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Your Views: Our government is undermining the American dream
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Over the past few years the cost of fuel has siphoned money to the point many Americas can no longer meet their financial requirements. With cost of fuel there is fewer dollars to spend, and many people are not able to control their budgeted needs. Instead of the government working to lower the cost of fuel, the government ignored the problem and contends we must get use to it. The fact is we are spending billions of American dollars to assist and protect these oil rich countries and this is the thanks we receive.

The government caused the housing mortgage problem by lowering the qualifying financial lending standards and then tightening them when they saw many could not make their payments. This has caused the housing market to peak and drastically decline, reducing the earning ability for those making a living from construction related products and services.

Instead of our financial institutions and their governmental regulators looking to find temporary solutions to the monetary deficiencies of many, they simply foreclosed. Now the banks have dumped much of the foreclosed products into the market, both developed property and housing, at a 40 percent to 50 percent discounted rate which compounds the problem because they have devalued all the properties they hold for their paying customers. A paying customer who had substantial equity supporting their loan has none and may be in the negative. This continues to compound even further because the paying customer no longer has any borrowing power.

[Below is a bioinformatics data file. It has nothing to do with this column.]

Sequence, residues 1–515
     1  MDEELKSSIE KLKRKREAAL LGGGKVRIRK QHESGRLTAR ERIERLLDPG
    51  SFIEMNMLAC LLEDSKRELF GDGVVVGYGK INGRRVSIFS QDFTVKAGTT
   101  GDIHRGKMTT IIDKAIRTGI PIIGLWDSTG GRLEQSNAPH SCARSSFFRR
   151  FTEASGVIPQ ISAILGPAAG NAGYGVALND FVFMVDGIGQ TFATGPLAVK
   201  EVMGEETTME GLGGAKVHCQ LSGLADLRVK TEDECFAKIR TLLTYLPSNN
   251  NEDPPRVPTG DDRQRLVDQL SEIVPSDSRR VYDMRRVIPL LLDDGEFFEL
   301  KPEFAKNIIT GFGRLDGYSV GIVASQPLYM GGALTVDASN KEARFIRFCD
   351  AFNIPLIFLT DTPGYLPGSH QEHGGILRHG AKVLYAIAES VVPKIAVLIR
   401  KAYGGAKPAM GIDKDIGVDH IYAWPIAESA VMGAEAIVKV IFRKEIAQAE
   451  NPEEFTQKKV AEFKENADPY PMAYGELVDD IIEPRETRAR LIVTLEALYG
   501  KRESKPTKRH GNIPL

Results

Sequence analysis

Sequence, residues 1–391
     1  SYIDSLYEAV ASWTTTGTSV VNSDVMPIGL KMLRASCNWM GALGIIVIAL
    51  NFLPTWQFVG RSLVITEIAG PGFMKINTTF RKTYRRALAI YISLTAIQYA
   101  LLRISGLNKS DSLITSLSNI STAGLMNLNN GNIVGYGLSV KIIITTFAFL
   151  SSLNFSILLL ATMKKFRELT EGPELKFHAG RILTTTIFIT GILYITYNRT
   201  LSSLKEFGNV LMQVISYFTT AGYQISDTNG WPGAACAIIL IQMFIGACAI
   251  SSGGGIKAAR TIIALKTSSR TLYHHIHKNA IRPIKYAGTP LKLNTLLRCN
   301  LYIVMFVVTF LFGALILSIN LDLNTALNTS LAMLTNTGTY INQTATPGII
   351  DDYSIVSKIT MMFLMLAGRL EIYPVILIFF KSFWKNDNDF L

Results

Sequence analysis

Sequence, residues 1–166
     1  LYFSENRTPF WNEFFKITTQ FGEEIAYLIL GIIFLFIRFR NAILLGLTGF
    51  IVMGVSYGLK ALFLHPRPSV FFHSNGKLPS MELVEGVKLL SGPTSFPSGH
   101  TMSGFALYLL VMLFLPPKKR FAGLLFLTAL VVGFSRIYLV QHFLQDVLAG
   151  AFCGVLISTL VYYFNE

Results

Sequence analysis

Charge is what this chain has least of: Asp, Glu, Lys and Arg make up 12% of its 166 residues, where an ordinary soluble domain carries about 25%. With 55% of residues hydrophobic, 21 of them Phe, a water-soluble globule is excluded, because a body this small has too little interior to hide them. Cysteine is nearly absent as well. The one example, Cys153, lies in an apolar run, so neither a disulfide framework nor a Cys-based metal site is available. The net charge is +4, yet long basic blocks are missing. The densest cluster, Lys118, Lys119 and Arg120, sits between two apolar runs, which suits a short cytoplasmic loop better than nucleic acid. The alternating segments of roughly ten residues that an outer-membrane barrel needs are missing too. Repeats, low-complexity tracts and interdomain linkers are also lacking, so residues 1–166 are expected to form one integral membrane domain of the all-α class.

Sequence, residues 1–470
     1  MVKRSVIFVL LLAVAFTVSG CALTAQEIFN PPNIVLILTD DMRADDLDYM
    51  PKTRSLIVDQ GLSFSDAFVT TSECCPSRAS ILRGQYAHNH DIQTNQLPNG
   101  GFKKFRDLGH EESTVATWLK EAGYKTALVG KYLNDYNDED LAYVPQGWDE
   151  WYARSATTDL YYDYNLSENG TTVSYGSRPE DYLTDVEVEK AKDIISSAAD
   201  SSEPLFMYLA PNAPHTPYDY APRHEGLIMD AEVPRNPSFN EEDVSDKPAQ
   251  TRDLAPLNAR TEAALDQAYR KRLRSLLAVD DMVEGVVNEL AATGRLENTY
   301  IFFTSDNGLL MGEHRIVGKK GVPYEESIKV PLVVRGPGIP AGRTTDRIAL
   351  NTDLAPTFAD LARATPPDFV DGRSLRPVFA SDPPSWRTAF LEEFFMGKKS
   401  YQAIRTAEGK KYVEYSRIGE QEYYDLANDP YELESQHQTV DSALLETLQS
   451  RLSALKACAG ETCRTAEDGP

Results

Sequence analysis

With this phenomenon, the credit card companies are now reducing credit lines. If this continues our money supply will evaporate and there will be no way to recover.

Local government will be in a state of disarray when tax assessors are faced with the new assessment and appraisal values. Most communities could not exist on a 40 percent to 50 percent property tax value reduction.

To overcome the financial problems we have lowered our interest rate which could reduce worldwide investment in America. At the same time our American dollar is reaching an all-time low worldwide ($1 equals 0.65 Euro). If foreign countries want to own American properties, they can purchase it for about 33 percent of its real value.

The construction industry has stabilized the economy when all other markets were down. For years, the country has depended on the construction industry to bridge the economic follies of poor policies and regulations instituted by politicians, legislators and lending institutions. They have weighed it down with expensive permits, rules and regulations, and now have cut the heart out of it by devaluating its markets.

The values created by the construction industry have made this country the strength and envy of the world and yet we continue to undermine its importance by regulating it beyond its ability to produce. It is one of the last and only productive industries in America that cannot be out sourced to another country.